Great job Charlie you recognize a money pit when you see one, unlike your fellow commissioners. Hell, they even placed themselves in jeopardy just walking through that rat nest. But then again somebody out there is celebrating the sale.

  3. Dr. Know says:

    I sure would not want to be an officer that has to sit in that place. The years of heat and humidity have more then likely caused bacteria and really NASTY old hospital infectious diseases to grow deep into the walls and ceiling. There’s NO WAY to clean that place out professionally and guarantee a safe environment .

  4. Anonymous says:

    Peterson and King need to again serve as County Commissioners!

  5. downinthelab says:

    Nice to see the good old boy system is alive and well. Let’s get that new city hall built in Palm Coast next…

  6. Girl says:

    I have a question, who is the broker of record for this DEAL… same one as the City Walk Deal????

  7. Shocked, I tell you... says:

    Isn’t Chuimento the one pushing for the new City Hall? What else does he own here that he’s trying to sell us?

    With all due respect, Commissioner McLaughlin, you’re going to have a tough time convincing anybody there isn’t something going on here. Your constituents don’t appear to have a lot of confidence in you.

    Thanks to those who showed up to speak out.

  8. rthomp11 says:

    OMG are these cost inflated! They can’t really think that buying a piece of land and then redoing a building that is as bad off as the old hospital is can cost less than building a new building on land already owned buy the county can they?? How stupid do they think the voters of Flagler County are? Come the next election they will find out!

  9. Pennies says:

    Math is wrong in the Old Hospital line…add another $10,000.00…pennies!

  10. Anonymous says:

    Where can sense be bought for cents?

  11. Marissa says:

    Pick up your asbestos mask at the front desk before entering at your own risk.

  12. RHWeir says:

    I don’t care about the old hospital. Just get the 14 year old punks off the street. If they need a broke down hospital to do it, give it to them.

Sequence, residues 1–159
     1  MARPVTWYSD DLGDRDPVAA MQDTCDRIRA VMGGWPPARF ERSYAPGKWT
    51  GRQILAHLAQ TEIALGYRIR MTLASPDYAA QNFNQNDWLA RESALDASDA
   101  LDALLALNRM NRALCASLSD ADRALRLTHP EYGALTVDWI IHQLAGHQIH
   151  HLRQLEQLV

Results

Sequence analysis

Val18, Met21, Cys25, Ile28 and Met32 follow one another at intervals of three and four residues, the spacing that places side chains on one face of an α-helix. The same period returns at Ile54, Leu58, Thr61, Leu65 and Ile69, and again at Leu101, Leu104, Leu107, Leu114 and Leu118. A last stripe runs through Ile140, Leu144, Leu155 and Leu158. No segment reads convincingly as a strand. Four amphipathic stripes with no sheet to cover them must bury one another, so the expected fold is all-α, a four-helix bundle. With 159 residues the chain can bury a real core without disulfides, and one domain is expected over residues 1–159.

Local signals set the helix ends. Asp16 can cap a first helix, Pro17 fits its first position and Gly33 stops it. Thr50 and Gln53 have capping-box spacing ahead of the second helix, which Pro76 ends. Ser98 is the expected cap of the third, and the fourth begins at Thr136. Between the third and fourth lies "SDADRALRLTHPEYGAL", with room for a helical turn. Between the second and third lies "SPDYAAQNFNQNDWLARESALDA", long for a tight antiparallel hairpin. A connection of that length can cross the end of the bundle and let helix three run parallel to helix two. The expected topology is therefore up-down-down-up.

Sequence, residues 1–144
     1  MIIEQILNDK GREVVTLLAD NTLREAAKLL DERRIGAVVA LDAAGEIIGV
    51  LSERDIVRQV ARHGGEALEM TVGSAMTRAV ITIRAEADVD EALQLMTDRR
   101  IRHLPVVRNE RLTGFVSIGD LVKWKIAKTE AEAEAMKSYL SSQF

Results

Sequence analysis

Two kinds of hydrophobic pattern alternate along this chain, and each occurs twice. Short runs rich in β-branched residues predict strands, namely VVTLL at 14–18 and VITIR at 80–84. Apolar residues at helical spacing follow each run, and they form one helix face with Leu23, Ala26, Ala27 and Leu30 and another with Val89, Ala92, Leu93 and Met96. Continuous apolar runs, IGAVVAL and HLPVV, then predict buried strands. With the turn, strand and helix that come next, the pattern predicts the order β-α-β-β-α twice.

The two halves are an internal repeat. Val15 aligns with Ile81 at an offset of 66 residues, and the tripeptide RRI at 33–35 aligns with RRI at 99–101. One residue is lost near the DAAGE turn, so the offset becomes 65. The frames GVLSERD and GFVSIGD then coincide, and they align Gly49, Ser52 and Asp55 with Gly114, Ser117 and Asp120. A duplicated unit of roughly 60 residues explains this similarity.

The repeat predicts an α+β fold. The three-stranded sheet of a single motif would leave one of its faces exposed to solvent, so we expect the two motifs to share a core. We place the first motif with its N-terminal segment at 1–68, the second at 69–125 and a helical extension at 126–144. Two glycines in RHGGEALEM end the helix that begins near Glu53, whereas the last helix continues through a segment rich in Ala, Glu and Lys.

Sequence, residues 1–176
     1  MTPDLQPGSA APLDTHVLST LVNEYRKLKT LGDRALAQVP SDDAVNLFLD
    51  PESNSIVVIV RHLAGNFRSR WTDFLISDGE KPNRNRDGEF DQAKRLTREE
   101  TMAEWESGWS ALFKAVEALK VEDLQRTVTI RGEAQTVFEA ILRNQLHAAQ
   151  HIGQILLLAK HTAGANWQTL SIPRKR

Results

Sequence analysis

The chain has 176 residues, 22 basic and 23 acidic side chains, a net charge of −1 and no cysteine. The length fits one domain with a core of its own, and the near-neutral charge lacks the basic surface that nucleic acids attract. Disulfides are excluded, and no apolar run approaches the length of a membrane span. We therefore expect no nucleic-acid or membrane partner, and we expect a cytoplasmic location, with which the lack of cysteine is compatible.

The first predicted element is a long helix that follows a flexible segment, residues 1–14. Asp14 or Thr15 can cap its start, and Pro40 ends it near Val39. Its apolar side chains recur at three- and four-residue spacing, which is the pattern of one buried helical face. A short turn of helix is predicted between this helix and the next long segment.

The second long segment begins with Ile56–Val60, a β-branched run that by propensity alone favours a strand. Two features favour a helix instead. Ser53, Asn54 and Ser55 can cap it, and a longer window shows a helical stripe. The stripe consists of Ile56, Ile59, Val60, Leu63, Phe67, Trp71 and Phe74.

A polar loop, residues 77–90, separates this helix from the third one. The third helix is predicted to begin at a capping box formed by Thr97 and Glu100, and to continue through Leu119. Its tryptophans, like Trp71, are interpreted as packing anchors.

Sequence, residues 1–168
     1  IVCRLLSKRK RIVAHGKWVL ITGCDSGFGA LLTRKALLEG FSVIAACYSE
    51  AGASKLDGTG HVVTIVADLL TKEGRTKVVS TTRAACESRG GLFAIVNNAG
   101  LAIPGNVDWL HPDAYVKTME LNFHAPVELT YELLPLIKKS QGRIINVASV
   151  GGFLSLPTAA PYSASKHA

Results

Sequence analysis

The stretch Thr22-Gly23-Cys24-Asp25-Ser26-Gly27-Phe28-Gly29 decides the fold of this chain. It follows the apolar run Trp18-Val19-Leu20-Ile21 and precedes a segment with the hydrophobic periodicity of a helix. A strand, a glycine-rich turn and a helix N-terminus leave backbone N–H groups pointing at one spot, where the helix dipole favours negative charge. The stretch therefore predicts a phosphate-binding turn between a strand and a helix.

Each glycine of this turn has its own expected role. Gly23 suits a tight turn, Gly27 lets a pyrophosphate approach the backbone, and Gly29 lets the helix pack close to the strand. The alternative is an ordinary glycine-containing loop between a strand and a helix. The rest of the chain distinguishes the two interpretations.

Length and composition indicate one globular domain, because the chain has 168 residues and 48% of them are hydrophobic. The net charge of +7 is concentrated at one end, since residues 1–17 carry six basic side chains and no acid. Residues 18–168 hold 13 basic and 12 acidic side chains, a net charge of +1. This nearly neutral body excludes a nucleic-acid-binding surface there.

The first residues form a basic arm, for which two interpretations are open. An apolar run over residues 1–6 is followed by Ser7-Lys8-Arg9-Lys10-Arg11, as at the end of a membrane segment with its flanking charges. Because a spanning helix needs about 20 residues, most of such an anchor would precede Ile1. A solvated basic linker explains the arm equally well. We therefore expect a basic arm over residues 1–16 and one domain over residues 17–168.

13. Raul Troche says:

    Just sounds awfully strange that while other properties in this are dropped around 45%, the neglected old rotting hospital doubled. Also it is about time to do something with the old courthouse. Plans should have begun on what to do with it before the new one was built. Same holds true for the old jail. I have done free work on that building. If neglected it will end up full of mold like the hospital. Our county officials should take better care of what properties the taxpayers have bought. Manage them wisely. I doubt you would let your own invesrtments just sit their rotting. Don’t just say it is OK well just raise more taxes. You shouldn’t ask for more if you don’t know how to properly handle what you have already. Oh and what’s that foul odor? That’s it the Coffey.

  14. Joe says:

    Elections have consequences, remember this at the booth!!!

  15. Doesn't anyone CARE? says:

    Here goes the taxes…Not a good move at all…This is going to cost us BIG…

    We know the only ones that made out in this deal..

    Can’t wait till voting time arrives….Get the dead weight OUT!

  16. confidential says:

    Meanwhile they are proposing to raise the mill in our taxes! These four need to be all voted out!

  17. PJ says:

    Did any of you commentators even go to the public meetings on this? Likely not so you make comments on being misinformed.

    Charlie Ericksen is a Tea partyist so his vote should be a no as that is what they do.

    This move takes another vacant property off the vacant list and continues to build but the local community.

    The Sheriff was going to move somewhere at a similar or higher cost. Consolidation is their answer to cost savings.

    All people do is complain. Listen to your elected officials and when you don’t like what they are doing go the meetings and voice your opinion.

    FlaglerLive is a good starting point to say something but you should be better informed because is not going to check your information as facts but they will post your comment if your not vulgar and make a farly reasonable point of view.

    Wakeup citizens and get informed before you vote out politicians who are on your side…..PJ

    • FlaglerLive says:

      PJ, before making false statements about this website you might want to fact-check your own. Four examples just from the one above: First, Ericksen is not a “tea party” guy anymore than he is a Democrat. That he has attended meetings of both organizations doesn’t make him a member of either. Second, the hospital option is, in fact, one of the more expensive options, and certainly more expensive than the old courthouse. So your statement is demonstrably false. Third, we do, to the extent possible, fact-check comments for accuracy. You don’t see the thousands of comments that are held back. We deal in garbage too in this section, as you do elsewhere. So you can understand what we must wade through, though we also try hard to make a distinction between opinion and fact. Fourth, not even you have attended most meetings, and had you done so you’d have shirked your responsibility as the taxpayer-salaried public employee of another local government with a vested interest in the county’s hospital decision. It would be nice to get fuller disclosures from you from time to time. So yes: let’s all get better informed, starting with those making baseless claims from behind convenient masks.